Even with miles of beautiful coastline and beaches stretching from Corolla south to Ocracoke, the waters of the Outer Banks remain the most treacherous. For over 400 years, the "Graveyard of the Atlantic" has been the final resting place of over 3,000 vessels and their crew-members mainly as a result of the shallow shoals, underwater sandbars, winter nor'easters, and hurricanes caused by the meeting of the Gulf Stream and Labrador Currents. Also piracy and wartime, where World War II German U-Boats sank numerous Allied tankers and cargo ships, that the waters became known as "Torpedo Junction."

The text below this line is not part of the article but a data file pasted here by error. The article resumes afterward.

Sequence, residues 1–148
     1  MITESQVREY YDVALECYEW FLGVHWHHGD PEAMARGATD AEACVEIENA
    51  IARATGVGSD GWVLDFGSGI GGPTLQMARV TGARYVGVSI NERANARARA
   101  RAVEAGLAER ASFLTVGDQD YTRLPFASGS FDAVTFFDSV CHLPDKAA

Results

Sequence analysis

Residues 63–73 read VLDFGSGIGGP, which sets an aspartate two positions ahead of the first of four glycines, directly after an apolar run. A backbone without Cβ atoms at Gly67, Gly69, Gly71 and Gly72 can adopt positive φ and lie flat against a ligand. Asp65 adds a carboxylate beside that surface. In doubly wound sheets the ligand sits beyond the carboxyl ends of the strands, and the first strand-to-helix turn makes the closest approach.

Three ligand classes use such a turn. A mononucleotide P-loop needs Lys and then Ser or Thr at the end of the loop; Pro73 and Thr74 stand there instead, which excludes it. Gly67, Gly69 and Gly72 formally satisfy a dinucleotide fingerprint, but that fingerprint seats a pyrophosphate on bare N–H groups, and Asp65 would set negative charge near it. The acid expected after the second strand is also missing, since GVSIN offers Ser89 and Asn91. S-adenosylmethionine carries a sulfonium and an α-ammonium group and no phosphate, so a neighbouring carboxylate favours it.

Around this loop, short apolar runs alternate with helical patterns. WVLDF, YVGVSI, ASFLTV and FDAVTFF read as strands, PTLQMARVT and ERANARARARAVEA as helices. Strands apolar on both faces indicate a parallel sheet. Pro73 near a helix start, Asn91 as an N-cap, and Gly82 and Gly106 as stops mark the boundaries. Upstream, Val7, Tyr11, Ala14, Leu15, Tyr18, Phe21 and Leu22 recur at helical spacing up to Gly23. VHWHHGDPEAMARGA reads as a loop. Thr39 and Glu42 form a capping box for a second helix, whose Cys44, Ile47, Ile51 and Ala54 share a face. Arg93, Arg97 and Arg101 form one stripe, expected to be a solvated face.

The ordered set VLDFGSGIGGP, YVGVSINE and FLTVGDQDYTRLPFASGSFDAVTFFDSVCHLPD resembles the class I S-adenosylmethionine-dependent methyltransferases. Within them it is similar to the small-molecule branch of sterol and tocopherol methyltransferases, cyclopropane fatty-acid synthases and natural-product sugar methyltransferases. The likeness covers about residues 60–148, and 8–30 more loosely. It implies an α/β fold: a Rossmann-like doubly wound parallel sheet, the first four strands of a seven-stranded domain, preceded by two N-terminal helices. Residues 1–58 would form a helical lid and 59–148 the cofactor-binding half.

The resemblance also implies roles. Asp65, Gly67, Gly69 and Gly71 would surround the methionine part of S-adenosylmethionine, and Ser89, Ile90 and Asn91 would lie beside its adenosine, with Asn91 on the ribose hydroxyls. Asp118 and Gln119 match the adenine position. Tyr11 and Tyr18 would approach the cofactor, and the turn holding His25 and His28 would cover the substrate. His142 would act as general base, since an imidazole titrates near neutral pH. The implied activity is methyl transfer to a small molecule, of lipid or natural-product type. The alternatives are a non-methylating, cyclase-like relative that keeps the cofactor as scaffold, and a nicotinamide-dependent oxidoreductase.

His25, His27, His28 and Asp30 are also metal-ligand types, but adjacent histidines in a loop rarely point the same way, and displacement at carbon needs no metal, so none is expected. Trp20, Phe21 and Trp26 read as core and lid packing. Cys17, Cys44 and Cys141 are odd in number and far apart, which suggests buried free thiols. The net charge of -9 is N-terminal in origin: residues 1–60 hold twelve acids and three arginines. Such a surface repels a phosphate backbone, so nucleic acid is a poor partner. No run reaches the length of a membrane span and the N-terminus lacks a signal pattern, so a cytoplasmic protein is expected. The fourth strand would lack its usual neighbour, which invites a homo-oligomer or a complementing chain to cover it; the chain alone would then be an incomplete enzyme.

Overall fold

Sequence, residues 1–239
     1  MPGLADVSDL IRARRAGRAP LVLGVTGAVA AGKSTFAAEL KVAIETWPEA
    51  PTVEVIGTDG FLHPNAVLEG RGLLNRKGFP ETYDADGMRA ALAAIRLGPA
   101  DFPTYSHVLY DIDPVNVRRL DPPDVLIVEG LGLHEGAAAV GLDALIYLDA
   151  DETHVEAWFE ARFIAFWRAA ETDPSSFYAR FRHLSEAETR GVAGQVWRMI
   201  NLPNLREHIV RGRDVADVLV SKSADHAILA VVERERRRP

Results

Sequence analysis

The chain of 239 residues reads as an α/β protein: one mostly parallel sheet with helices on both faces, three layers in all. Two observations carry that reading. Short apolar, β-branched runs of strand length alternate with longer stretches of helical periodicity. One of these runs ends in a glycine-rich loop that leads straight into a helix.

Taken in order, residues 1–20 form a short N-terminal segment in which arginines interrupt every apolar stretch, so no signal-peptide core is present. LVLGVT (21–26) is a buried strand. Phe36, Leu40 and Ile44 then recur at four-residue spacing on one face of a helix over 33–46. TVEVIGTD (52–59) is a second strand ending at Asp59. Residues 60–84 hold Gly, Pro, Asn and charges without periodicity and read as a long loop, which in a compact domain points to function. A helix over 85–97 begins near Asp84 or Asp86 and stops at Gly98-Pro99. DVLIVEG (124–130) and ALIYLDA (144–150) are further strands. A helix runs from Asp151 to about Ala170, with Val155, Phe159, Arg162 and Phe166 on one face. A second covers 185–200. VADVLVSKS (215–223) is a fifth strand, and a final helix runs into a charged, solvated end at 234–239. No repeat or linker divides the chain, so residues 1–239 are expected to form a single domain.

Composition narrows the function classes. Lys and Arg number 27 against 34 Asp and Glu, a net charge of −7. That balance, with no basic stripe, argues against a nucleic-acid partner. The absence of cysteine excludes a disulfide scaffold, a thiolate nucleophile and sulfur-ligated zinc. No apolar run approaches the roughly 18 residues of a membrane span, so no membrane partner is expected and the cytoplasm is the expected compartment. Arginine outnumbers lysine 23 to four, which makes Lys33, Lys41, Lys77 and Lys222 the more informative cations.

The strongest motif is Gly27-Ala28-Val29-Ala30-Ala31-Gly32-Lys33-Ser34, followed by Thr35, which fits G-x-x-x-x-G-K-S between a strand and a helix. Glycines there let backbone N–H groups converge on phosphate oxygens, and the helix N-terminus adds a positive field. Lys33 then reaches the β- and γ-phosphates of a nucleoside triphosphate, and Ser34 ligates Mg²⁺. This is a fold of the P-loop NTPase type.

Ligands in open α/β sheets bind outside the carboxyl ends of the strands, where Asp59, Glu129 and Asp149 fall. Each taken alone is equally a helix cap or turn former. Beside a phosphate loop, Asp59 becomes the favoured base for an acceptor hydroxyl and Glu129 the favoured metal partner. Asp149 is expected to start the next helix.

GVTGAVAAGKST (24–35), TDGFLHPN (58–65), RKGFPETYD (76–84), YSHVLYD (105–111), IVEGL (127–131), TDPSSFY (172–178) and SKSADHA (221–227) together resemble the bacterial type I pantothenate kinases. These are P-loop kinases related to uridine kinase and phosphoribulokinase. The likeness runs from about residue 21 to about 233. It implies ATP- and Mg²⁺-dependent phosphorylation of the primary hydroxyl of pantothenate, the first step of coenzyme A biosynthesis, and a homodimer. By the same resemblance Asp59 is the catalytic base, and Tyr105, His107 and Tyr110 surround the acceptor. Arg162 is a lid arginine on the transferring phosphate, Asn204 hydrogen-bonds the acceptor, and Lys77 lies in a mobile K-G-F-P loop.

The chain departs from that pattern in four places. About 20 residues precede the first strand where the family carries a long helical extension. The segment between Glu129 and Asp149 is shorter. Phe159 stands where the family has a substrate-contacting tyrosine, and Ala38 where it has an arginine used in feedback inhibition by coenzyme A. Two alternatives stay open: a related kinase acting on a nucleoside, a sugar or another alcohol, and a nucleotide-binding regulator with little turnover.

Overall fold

The Graveyard of the Atlantic Museum in Hatteras is dedicated to the preservation and education of the Outer Banks' maritime history and shipwrecks. It's exhibits feature artifacts recovered from wrecks including an Enigma device from Nazi German submarine U-85 and the Civil War-era ironclad USS Monitor. Other exhibits feature stories such as the search for the notorious pirate Blackbeard's ship Queen Anne's Revenge. Head over to the back of the museum in a restricted area, you'll find remains of a 1609 ship dubbed the "Currituck," which was said to the be the oldest known wreck in the state's history.
Although admission is free, donations are strongly recommended.